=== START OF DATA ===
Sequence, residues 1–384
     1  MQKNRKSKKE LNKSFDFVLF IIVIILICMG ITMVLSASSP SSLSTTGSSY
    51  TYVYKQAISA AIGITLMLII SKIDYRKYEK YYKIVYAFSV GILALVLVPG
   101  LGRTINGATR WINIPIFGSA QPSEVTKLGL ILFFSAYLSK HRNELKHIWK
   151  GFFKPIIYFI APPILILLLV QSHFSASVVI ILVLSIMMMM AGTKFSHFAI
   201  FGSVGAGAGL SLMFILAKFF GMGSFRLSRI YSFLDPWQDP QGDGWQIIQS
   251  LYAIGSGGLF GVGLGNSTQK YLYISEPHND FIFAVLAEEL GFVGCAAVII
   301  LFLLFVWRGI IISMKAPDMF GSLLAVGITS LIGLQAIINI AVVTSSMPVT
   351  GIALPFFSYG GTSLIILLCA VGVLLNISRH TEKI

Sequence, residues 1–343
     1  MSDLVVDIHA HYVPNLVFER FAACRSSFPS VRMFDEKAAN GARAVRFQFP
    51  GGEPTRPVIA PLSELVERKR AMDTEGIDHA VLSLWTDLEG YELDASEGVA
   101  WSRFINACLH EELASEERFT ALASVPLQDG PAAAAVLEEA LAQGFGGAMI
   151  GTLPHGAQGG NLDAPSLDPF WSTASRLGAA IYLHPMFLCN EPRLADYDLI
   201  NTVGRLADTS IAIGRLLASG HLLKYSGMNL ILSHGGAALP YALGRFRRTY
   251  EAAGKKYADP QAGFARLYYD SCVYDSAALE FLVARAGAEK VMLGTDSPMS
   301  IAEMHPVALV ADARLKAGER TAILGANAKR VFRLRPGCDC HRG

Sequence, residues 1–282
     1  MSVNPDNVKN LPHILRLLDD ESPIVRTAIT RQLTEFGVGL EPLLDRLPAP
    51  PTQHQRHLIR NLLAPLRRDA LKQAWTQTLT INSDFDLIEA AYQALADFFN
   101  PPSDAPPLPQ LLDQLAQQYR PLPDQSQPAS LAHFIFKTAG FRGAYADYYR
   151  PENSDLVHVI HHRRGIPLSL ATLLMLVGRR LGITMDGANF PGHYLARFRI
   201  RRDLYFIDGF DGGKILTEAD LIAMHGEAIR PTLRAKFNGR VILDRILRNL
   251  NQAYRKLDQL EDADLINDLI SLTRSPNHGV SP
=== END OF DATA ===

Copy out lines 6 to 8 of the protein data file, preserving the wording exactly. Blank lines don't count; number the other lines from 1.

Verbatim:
   201  FGSVGAGAGL SLMFILAKFF GMGSFRLSRI YSFLDPWQDP QGDGWQIIQS
   251  LYAIGSGGLF GVGLGNSTQK YLYISEPHND FIFAVLAEEL GFVGCAAVII
   301  LFLLFVWRGI IISMKAPDMF GSLLAVGITS LIGLQAIINI AVVTSSMPVT